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Toronto Disptach: 'Beautiful Boy'

I have a running joke with several of my friends who regularly attend film festivals that every fest has to feature at least one "dead kid movie." It sounds harsh, but it's true--the parents grieving over the loss of a child has become a film fest staple, particularly at Sundance, where films like "The Greatest" and "Welcome to the Rileys" could practically create a new genre. So I went into "Beautiful Boy" at Toronto with some trepidation. All I knew is that it stars two of my favorite actors, Michael Sheen and Maria Bello, as parents coping with their grief after their son is killed in a campus shooting. What unfolded was one of the most pleasant surprises I've had in a theater as of late.

Every time I thought I could predict where "Beautiful Boy" was going, it surprised me, starting with the revelation that the son is actually the shooter. From there, the film continued to defy my expectations. Take, for example, the fact that this is not a happily married couple who find their lives turned upside down--at the start of the film, they're considering divorce. There's also a scene where they realize they're in the same room as a woman who's child was murdered by their son--you keep waiting for a confrontation, but it never comes. The script, by director Shawn Ku and Michael Armbruster, is too good for that. It never feels exploitative or predictable. It trusts in silence to speak volumes, such as the expression of the woman whose parenting skills are criticized by Bello; we know exactly what she's thinking: "You're the one who raised a killer." The restraint extends to the rest of the movie; we only see snippets of the video the son recorded just before he went on his rampage, and small clips of the story on the news. The writers trust in their audience to fill in the blanks.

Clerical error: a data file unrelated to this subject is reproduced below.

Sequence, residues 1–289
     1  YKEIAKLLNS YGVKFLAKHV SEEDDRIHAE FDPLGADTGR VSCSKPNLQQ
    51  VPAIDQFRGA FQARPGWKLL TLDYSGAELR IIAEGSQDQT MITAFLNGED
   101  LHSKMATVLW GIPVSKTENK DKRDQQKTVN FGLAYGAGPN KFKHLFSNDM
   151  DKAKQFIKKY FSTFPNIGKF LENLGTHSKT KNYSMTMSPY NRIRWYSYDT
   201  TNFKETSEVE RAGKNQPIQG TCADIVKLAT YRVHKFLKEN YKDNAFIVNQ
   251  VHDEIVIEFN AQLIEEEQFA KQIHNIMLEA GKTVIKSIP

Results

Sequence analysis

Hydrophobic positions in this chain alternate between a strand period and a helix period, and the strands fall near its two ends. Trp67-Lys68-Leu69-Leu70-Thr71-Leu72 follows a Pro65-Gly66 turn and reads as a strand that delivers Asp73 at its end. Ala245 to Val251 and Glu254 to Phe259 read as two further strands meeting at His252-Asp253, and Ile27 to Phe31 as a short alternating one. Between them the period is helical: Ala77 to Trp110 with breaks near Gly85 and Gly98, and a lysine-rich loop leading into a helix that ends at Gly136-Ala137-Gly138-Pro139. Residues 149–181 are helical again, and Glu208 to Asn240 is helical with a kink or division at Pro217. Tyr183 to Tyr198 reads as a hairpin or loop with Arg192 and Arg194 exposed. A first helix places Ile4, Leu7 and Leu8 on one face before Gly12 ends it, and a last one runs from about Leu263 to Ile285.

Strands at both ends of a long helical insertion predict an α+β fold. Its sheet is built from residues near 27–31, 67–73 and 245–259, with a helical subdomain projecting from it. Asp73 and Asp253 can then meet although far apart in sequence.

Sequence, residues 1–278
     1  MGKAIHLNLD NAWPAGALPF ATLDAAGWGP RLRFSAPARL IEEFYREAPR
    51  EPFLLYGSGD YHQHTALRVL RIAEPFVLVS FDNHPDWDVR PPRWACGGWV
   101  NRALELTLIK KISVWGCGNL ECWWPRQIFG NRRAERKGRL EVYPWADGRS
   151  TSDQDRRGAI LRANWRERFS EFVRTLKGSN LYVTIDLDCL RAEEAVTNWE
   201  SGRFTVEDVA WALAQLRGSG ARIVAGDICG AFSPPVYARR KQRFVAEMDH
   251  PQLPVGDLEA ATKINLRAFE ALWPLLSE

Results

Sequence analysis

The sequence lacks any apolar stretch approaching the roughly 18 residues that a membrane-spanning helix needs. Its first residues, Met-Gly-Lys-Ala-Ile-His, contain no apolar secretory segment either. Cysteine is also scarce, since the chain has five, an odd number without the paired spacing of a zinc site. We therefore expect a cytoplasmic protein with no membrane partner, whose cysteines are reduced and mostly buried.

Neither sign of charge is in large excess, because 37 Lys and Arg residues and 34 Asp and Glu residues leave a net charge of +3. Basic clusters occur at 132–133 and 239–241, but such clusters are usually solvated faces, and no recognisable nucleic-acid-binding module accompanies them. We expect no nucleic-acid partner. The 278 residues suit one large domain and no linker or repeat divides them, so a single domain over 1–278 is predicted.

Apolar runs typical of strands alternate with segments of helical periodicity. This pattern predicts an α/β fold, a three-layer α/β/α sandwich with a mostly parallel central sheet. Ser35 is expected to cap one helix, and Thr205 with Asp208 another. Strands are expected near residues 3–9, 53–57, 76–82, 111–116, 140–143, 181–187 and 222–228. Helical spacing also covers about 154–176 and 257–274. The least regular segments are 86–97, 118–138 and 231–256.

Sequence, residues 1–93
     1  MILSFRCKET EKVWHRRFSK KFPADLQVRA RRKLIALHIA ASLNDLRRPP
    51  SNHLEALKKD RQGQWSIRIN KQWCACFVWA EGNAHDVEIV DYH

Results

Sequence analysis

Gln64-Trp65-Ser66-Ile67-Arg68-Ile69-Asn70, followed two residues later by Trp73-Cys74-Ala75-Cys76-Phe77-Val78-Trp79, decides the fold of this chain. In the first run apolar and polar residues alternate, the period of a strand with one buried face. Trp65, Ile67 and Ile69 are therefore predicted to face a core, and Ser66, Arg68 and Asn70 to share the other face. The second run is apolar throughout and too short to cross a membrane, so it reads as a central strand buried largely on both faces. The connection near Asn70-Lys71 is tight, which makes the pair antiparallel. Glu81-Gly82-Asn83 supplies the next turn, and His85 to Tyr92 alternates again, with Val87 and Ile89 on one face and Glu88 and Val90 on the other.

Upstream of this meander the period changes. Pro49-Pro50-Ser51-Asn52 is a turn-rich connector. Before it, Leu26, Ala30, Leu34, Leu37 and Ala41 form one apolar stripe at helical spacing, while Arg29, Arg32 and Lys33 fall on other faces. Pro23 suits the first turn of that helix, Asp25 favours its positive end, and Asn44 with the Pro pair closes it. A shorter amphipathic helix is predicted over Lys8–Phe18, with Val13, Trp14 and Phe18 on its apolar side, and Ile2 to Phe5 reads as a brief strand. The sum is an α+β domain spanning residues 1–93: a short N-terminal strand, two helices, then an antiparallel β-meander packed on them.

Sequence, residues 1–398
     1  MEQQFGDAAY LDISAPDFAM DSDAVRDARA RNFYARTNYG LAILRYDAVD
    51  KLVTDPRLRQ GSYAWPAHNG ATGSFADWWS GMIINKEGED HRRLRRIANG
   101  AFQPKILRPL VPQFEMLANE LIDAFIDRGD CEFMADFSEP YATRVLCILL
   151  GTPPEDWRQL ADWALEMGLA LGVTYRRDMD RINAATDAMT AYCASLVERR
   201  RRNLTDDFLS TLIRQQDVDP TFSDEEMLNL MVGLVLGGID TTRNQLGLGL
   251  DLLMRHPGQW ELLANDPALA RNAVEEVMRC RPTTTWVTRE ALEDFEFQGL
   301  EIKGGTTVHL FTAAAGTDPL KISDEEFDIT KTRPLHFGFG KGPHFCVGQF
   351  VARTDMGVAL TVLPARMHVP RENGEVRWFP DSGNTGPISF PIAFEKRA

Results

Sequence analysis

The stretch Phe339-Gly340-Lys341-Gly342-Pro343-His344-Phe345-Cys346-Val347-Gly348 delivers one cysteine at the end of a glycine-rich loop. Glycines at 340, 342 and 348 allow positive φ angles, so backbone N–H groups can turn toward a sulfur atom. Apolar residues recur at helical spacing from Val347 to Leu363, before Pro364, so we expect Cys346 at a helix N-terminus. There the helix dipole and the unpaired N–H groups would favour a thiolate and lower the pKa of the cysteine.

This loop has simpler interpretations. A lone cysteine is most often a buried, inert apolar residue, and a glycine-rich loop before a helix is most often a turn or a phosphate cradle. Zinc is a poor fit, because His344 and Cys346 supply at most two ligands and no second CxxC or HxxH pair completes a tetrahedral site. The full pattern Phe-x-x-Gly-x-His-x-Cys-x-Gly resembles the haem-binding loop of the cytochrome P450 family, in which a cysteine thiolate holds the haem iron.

I was pleased to see "Beautiful Boy" landed a distributor at the festival, Anchor Bay Films. Here's hoping they give this very special film the attention it deserves, as both actors are fully worthy of awards attention. No one grieves more beautifully than Bello, who gives a raw, heartbreaking performance as the mother who keeps wondering what she did wrong. And Sheen continues his streak of excellence--in a perfect American accent, no less. I caught up with him the day after seeing the film, where he talked about his role and how he masters that flawless Yankee sound. Of course, I had to ask him about his hilarious work on "30 Rock" as the British Wesley Snipes ("If you saw a picture of him and a picture of me and were asked who should be named Wesley Snipes. You’d pick the pale Englishman every time! Every time!") While he said he would love to return, he has yet to be contacted about any future appearances. He did reveal one hilarious bit of trivia, however, that since that role, he is regularly asked to autograph Wesley Snipes movies and paraphernalia!

--Jenelle Riley

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